A substantial and well-established vertically integrated seafood business in New Zealand’s fast-growing and lucrative aquaculture sector – encompassing all aspects of the shellfish growing, harvesting, distribution, and retailing processes – has been placed on the market for sale.
The long-running Coromandel Oyster Company based on the Coromandel Peninsula south of Auckland has been trading for some 40 years – cultivating, farming, harvesting, and selling, juicy large Pacific oysters.
Coromandel Oyster Company’s cultivation and farming activities operate from two locations – one on the western side of the Coromandel Peninsula just south of Coromandel township, and the other near Whangapoua on the eastern side of the Coromandel Peninsula. The company’s operations are fully certified by the Ministry for Primary Industries.
The company has a 10-hectare seabed lease in perpetuity with Waikato Regional Council for the two locations. Coromandel Oyster Company’s farming practice is sustained by two growing options - one intertidal and one subtidal longline.
In addition, the company operates its oyster processing and retailing services from leased premises at 1613 Tiki Road near Coromandel township on a lease running through to 2025, with potential for a new owner to extend any renewal lease further.
The going concern Coromandel Oyster Company business is now being marketed for sale by tender through Bayleys Hamilton, with the tender process closing on October 28. Bayleys Hamilton salesperson Josh Smith said the company had two distinct competitive advantages over of its competitors.
“The key point of difference between Coromandel Oyster Company and its competitors is that Coromandel Oyster Company grows wild caught and naturally farmed Pacific oysters, and is not reliant on the growth of larvae, or spat, developed in a laboratory,” Smith said.
“Secondly, Coromandel Oyster Company operates a vertically-integrated ‘seabed-to-plate’ supply chain which culminates in the company having a retail presence, food and beverage outlet, and wholesale distribution channel. An additional benefit is that the company owns both the retail and food and beverage channels – thereby having total quality control of, and access to, its core product.
“Under the wholesale operations arm, Coromandel Oyster Company supplies between 350-400 dozen fresh and natural oysters each week to customers throughout the country - primarily in the Mid’ to Upper North Island.
“Meanwhile, under the retail operations arm, Coromandel Oyster Company trades from a roadside shop selling fresh and natural oysters, mussels, and scallops. In addition, its Oyster Shack takeaway shop established at the same address was developed in 2011 to meet demand for both onsite meals and takeaways - specialising in traditional fish and chips… and of course oysters.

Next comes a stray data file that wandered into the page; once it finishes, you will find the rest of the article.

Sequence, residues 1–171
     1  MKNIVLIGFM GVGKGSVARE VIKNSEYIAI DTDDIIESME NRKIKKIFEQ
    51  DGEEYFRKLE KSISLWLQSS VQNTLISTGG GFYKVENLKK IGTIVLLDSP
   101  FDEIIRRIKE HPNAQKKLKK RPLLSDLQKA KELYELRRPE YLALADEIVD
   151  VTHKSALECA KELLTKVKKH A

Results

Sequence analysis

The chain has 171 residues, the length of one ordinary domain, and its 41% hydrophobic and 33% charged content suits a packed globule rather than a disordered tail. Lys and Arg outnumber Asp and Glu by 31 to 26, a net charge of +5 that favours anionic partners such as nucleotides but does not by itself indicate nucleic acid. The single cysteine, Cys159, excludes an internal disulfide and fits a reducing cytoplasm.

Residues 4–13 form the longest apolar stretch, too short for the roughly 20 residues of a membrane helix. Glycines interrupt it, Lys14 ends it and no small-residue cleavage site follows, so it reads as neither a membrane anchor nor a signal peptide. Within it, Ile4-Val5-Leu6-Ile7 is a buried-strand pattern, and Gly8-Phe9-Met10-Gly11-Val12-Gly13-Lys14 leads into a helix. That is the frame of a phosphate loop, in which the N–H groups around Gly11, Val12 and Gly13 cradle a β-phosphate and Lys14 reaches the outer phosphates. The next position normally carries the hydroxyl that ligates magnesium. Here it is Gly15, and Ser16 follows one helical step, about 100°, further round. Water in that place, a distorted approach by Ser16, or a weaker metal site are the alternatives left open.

“The venue currently trades without a liquor license, so this is another expansion avenue and opportunity any new owner may wish to pursue.”
The retail shop and Oyster Shack takeaway are located on State Highway 25 connecting the Coromandel Peninsula with Auckland and the Waikato.
Chattels included in the Coromandel Oyster Company business operations for sale include the aquaculture resource consent, three tractors, a shell crusher, a crane truck, harvesting trays, a barge and trailer, a shipping container, all commercial food preparation and service equipment – including refrigeration units and walk-in freezers - and the takeaway venue’s chairs and tables.
Smith said that while the business was trading successfully under its current dynamic, Coromandel Oyster Company had the opportunity to considerably expand the amount of seabed currently used for shellfish production – including the potential to farm alternative shellfish varieties to add to the company’s current single product offering.
“On the two-hectare site located behind the shop, only one hectare is currently in production - growing some 40,000 oysters at any one time. The bigger opportunity lies within the eight-hectare Whangapoua farm which is used as a nursery ground with a very low stocking level – operating 140-metre long set lines but with potential to become much more intensely farmed,” he said.
Of the five oyster types, Pacific oysters are renown for being the biggest, meatiest and creamiest. Oysters are rich in vitamins C and B12, as well as containing high levels of zinc, selenium and iron – making them a bountiful source of beneficial cholesterol, antioxidants, and omega-3 fatty acids.